Cool Idea -- Lame Lawsuit
Clever concept overshadowed by silly suit
The Washington Post website has an article about The Library Hotel, a Manhattan business that overlooks the New York Public Library, has filled their rooms with books and numbered the rooms according to how the books would be shelved in an actual library. For instance: reserve room number 700.003 and your reading material will consist of titles in the Performing Arts, book room 800.001 and you'll be reading erotic literature (sounds perfect for the honeymoon suite.)
Most of us probably remember learning about this book classification system during our elementary school years, but how many of us know it's actually a protected property? Me neither... at least until today.
This system of book filing is called the Dewey Decimal System. The system was created in 1873 by Melvil Dewey, but The Online Computer Library Center in Dublin, Ohio (OCLC) acquired the rights when they purchased Forest Press in 1988. OCLC charges libraries that use the system a minimum of $500 per year for permission.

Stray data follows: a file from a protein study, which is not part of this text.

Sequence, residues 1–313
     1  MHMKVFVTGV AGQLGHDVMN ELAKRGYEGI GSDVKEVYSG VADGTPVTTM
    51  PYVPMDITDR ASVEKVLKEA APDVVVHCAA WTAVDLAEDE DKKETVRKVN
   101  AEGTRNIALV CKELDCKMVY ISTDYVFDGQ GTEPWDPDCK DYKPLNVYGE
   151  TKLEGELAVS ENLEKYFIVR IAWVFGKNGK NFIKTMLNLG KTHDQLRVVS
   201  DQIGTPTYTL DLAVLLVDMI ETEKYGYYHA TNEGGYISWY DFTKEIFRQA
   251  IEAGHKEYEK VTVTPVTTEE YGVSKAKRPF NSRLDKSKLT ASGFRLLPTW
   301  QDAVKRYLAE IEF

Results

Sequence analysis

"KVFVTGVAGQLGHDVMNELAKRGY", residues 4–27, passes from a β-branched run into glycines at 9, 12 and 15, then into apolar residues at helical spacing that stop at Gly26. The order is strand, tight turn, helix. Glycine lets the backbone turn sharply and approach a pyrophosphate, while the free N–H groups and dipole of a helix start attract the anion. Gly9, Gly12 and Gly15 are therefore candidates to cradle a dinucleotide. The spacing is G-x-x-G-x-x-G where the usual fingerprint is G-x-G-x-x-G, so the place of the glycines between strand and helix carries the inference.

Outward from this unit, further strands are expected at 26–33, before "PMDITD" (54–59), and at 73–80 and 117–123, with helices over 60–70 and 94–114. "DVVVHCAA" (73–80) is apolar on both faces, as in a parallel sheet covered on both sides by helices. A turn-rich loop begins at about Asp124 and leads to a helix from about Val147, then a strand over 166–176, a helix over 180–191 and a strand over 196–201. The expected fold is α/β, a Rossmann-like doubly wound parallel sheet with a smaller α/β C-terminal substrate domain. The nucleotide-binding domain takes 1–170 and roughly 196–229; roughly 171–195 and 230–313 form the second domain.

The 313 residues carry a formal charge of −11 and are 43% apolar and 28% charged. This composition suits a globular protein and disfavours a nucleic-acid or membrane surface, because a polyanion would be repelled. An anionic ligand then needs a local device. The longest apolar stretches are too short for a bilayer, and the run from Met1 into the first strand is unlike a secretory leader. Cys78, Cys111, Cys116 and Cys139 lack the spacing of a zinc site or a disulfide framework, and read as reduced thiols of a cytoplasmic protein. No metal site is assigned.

Fine. Although I feel the system should have long ago been absorbed into the public domain, (it's used by public institutions, right?) as a creator I understand the need to maintain and protect the integrity of an intellectual property. But, why are they suing the hotel for TRIPLE the hotel's profits since it's opening?
Getting a little greedy there, ain't ya?
If won, this lawsuit will effectively crush this guy's idea, business, and any chance at OCLC earning future royalties on the hotel's use of the system. Obviously I am not privy to the details of this case, but I gotta believe no one involved in the creation of this hotel ever thought about investigating the ownership of the Dewey Decimal System. It's use has been drilled into us by schools and libraries since before we even applied for our first library card. It's very strange to think of someone 'owning' this filing system. I mean, do we pay a royalty to anyone when we file alphabetically?
Comedian Stephen Wright once asked if the alphabet was in that order because of the song. Do schools pay a royalty when teaching young students the alphabet by singing them the song? I understand that the song "Happy Birthday" is still protected and cannot be sung on tv, in restaurants, etc. without a royalty being paid. Do the same rules apply to the ABC song? What if the hotel simply renamed the rooms after authors or subjects? "I'd like to book the Byron Room -- or the Classic Literature Suite, please."
How does the Library of Congress shelve their copies of books? If they use the Dewey Decimal System do they pay a royalty?
I hate to see a creative idea like this put to death by what seems to me to be a silly lawsuit. Do YOU -- my readers -- have any other opinions on this topic, or ideas on how to defeat it or render their dispute moot? I'd love to hear from you. Email your suggestions to: email@example.com